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Events 2015


Paloma Varga Weisz
Glory Hole

Opening: Fr, 3 July 2015, 8 pm

The Salzburger Kunstverein was pleased to present the work of Paloma Varga Weisz as its summer exhibition for 2015. The exhibition was titled Glory Hole and involved a site-specific, sculptural installation by the artist in the Main Hall of the Salzburger Kunstverein.

Paloma Varga Weisz’s sculptures, installations and drawings are characterized by allusions to art history and traditional means of figuration, recasting mythic or iconographic formulae in a distinctive contemporary language. Trained as a wood carver, Varga Weisz creates figures that draw upon a rich source of personal and broader cultural motifs. Her works could be described as compressing multiple references to diverse European arts and crafts, from those of the Middle Ages (woodcarving and polychromy, for example) to the sparing forms and manual procedures of Modernist practices. Meanwhile her work often incorporates a note of surreal fantasy in tandem with its eclectic historical influences, adding a distinctly contemporary tone―especially where we find the artist broaching topical, even taboo subjects.

Glory Hole occupied the Main Hall of the Salzburger Kunstverein, taking the form of a traditional hut from the Austrian countryside. The artist has adjusted and customized this structure by creating an installation within it, including figures she has crafted together with items chosen from the collection of Salzburg’s Haus der Natur. The public could view the interior of this sculptural-installation only by peering through the peep holes on the outer surface of the hut’s walls, in a process that dramatised the interplay of private and public.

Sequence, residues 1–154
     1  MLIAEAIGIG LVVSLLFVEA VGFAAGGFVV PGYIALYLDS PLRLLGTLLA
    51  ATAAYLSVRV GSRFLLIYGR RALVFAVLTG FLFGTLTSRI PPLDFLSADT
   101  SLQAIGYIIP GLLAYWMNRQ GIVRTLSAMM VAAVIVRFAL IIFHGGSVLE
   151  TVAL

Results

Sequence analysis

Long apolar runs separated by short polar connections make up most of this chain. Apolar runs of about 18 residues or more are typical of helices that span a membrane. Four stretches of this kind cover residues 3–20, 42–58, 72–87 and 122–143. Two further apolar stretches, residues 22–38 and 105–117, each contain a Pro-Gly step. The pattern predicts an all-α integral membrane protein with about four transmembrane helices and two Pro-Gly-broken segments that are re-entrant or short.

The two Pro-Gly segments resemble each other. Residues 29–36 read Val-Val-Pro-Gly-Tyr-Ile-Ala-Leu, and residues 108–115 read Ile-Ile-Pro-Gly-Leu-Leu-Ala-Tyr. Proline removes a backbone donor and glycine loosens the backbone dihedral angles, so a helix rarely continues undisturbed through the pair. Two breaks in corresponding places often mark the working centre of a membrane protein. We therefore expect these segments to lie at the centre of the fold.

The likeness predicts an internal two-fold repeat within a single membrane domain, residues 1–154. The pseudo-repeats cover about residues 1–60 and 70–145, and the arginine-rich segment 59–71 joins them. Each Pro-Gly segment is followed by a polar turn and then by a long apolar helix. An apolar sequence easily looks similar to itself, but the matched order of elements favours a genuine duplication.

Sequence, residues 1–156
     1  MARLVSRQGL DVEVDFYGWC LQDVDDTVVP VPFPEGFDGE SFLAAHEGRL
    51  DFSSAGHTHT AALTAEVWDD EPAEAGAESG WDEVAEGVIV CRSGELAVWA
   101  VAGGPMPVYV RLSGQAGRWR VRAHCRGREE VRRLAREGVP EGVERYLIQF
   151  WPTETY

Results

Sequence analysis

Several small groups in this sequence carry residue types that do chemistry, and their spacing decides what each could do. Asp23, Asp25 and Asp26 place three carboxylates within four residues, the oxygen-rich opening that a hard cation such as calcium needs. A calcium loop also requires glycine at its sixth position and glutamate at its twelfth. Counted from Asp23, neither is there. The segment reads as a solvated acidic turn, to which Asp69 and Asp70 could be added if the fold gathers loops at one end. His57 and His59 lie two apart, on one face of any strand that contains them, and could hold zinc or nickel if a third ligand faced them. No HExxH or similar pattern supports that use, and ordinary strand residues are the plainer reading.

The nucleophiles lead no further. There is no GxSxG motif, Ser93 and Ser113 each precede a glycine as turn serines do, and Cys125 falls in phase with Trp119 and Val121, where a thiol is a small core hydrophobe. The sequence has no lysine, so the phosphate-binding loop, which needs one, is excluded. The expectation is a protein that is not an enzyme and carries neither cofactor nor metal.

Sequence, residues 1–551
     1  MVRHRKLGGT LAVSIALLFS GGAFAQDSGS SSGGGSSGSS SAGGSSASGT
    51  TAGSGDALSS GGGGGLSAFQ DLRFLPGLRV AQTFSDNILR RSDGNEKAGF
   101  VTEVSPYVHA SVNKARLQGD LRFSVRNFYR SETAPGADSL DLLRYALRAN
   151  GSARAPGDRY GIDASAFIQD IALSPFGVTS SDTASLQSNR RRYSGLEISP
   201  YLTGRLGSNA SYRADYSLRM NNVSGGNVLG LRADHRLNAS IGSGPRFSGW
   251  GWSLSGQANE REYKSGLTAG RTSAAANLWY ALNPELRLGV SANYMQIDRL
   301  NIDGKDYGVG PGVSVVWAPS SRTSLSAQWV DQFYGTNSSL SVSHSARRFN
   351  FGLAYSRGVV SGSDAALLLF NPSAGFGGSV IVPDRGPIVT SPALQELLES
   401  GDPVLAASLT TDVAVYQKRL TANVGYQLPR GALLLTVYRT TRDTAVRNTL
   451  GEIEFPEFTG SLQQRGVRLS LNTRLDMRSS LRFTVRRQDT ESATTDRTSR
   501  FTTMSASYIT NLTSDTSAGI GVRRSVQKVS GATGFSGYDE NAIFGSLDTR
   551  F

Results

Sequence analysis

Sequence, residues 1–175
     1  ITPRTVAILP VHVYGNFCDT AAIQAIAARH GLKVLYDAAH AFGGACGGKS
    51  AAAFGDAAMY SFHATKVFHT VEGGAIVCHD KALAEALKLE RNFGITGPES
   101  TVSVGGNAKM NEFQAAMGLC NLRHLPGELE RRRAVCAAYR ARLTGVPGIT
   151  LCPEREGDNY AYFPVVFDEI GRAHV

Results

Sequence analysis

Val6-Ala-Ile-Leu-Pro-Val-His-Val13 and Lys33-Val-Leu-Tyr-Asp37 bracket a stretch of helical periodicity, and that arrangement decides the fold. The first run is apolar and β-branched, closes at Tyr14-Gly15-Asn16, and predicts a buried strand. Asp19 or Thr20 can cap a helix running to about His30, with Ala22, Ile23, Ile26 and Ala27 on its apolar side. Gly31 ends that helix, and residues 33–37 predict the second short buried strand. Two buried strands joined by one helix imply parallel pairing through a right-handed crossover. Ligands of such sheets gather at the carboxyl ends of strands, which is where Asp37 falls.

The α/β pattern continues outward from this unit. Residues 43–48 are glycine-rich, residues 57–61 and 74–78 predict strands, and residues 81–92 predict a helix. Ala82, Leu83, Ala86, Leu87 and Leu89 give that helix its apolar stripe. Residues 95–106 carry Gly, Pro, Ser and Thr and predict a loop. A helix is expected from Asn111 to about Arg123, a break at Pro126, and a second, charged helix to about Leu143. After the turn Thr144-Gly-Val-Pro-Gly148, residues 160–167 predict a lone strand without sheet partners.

Paloma Varga Weisz has presented many exhibitions around the world, including exhibitions at Gladstone Gallery, New York and Brussels; Sadie Coles HQ, London; Konrad Fischer Galerie, Düsseldorf and Berlin ; Douglas Hyde Gallery, Dublin; Chapter, Cardiff, Hayward Gallery London. Paloma Varga Weisz (1966, Mannheim) lives and works in Düsseldorf.

Photo: Jürgen Hammerl, Böblingen